SAN DIEGO, CA USA (UroToday.com) - Authors from Vanderbilt University analyzed patients with clinical T2 or T3 bladder cancer, from the National Cancer Data Base (NCDB) cancer registry and diagnosed between 1998 and 2010, to identify the likelihood of these patients receiving an adequate pelvic lymph node dissection (PLND) (≥ 10 lymph nodes) at the time of cystectomy.
They also investigated access-related predictors of adequate PLND in patients with muscle invasive bladder cancer.
Of the 78 43 patients, 46.8% patients had adequate PLND. The median number of nodes was 17 (interquartile range 13-26). On Univariate analyses, associations between adequate PLND and age, year of diagnosis, insurance status, metro/urban/rural, distance from hospital, geographic location, Charlson Comorbidity Index, and clinical stage were statistically significant (p < 0.05 for each). Given the evidence that adequate LND improves survival in patients with MIBC, according to this study, most patients (53.2%) who undergo radical cystectomy still do not receive adequate lymphadenectomy. On multivariate analysis, they identified median income, distance from hospital, and geographic location as access-related predictors of suboptimal PLND.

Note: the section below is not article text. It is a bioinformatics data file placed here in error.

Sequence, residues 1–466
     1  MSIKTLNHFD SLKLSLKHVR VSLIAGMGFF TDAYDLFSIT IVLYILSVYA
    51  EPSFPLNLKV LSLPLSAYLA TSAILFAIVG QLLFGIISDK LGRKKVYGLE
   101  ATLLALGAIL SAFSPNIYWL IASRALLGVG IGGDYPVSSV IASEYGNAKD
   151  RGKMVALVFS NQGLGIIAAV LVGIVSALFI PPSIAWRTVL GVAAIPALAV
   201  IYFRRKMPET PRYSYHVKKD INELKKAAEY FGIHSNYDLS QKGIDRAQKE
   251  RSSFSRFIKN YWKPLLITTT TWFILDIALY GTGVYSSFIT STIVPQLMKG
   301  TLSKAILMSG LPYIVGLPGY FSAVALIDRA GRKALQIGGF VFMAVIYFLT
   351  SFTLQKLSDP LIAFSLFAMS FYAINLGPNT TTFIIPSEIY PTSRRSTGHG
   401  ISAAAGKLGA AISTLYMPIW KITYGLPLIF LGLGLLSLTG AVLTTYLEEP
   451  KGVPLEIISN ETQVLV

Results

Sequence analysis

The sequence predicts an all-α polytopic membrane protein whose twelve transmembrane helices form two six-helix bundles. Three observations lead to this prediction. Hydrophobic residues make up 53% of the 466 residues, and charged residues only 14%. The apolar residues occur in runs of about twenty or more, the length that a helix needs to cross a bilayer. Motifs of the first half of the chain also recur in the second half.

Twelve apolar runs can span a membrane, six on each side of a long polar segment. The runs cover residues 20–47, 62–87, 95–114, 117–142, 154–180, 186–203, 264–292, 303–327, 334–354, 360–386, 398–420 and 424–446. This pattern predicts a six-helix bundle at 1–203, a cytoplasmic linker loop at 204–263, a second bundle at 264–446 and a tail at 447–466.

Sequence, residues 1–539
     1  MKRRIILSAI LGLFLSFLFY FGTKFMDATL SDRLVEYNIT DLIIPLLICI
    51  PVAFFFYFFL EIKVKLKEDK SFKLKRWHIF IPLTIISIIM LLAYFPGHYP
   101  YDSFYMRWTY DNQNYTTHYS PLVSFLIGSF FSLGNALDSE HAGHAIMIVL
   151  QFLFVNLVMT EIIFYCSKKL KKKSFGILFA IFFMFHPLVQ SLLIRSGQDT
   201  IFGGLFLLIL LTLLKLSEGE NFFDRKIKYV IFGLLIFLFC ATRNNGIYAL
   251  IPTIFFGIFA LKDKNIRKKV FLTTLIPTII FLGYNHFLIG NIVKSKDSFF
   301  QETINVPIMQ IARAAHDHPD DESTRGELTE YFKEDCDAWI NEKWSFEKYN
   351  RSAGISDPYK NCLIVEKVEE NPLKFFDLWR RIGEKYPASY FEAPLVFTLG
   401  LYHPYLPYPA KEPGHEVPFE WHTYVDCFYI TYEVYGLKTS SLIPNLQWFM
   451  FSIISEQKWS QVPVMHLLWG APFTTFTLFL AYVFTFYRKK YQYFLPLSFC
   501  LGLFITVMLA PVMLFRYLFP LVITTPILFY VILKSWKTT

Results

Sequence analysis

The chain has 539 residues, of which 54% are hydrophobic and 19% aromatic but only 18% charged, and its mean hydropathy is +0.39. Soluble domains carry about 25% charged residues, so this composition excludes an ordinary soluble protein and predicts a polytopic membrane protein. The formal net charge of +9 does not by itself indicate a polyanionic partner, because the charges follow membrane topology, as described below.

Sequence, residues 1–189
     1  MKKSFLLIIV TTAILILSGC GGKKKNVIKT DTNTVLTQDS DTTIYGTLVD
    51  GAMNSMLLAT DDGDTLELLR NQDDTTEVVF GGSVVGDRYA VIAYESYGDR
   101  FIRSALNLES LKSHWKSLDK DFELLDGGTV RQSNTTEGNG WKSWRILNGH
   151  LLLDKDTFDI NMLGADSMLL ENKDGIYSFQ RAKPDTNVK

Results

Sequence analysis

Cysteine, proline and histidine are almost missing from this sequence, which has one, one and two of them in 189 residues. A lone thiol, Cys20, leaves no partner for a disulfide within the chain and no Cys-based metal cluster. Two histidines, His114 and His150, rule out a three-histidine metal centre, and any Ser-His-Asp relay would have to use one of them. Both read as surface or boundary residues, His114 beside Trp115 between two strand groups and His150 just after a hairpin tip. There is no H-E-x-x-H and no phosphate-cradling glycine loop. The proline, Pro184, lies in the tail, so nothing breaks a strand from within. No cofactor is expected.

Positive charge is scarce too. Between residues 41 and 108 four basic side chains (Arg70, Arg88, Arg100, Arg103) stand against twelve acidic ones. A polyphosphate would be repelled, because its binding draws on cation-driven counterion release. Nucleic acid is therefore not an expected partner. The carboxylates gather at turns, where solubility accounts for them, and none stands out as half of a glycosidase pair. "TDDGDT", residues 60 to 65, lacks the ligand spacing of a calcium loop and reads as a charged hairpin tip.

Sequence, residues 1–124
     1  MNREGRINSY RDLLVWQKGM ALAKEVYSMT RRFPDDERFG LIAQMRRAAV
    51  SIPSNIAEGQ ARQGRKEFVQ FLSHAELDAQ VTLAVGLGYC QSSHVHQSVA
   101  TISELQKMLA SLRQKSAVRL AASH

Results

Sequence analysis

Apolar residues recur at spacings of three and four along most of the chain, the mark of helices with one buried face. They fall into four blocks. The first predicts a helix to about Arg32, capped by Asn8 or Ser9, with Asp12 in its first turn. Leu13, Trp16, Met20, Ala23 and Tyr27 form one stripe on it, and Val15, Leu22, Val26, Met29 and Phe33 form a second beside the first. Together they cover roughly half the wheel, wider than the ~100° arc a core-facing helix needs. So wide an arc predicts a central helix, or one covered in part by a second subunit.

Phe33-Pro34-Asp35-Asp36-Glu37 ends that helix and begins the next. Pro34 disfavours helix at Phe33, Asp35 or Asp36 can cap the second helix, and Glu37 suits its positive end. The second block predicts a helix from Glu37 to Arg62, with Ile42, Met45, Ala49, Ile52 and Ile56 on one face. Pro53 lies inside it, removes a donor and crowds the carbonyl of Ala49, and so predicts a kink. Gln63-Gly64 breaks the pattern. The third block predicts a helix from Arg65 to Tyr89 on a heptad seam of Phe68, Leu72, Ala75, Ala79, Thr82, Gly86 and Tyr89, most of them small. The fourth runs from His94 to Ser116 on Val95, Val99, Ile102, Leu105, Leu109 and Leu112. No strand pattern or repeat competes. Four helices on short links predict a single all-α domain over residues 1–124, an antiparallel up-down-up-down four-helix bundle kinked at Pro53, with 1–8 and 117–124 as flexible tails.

They concluded these findings suggest that targeted intervention can improve access to care and can potentially improve outcomes in patients with bladder cancer.
Presented by C.J. Stimson, Sanjay G. Patel, Harras B. Zaid, Samuel D. Kaffenberger, Matthew J. Resnick, Daniel A. Barocas, Michael S. Cookson, and Sam S. Chang at the American Urological Association (AUA) Annual Meeting - May 4 - 8, 2013 - San Diego Convention Center - San Diego, California USA
Reported for UroToday.com by Reza Mehrazin, MD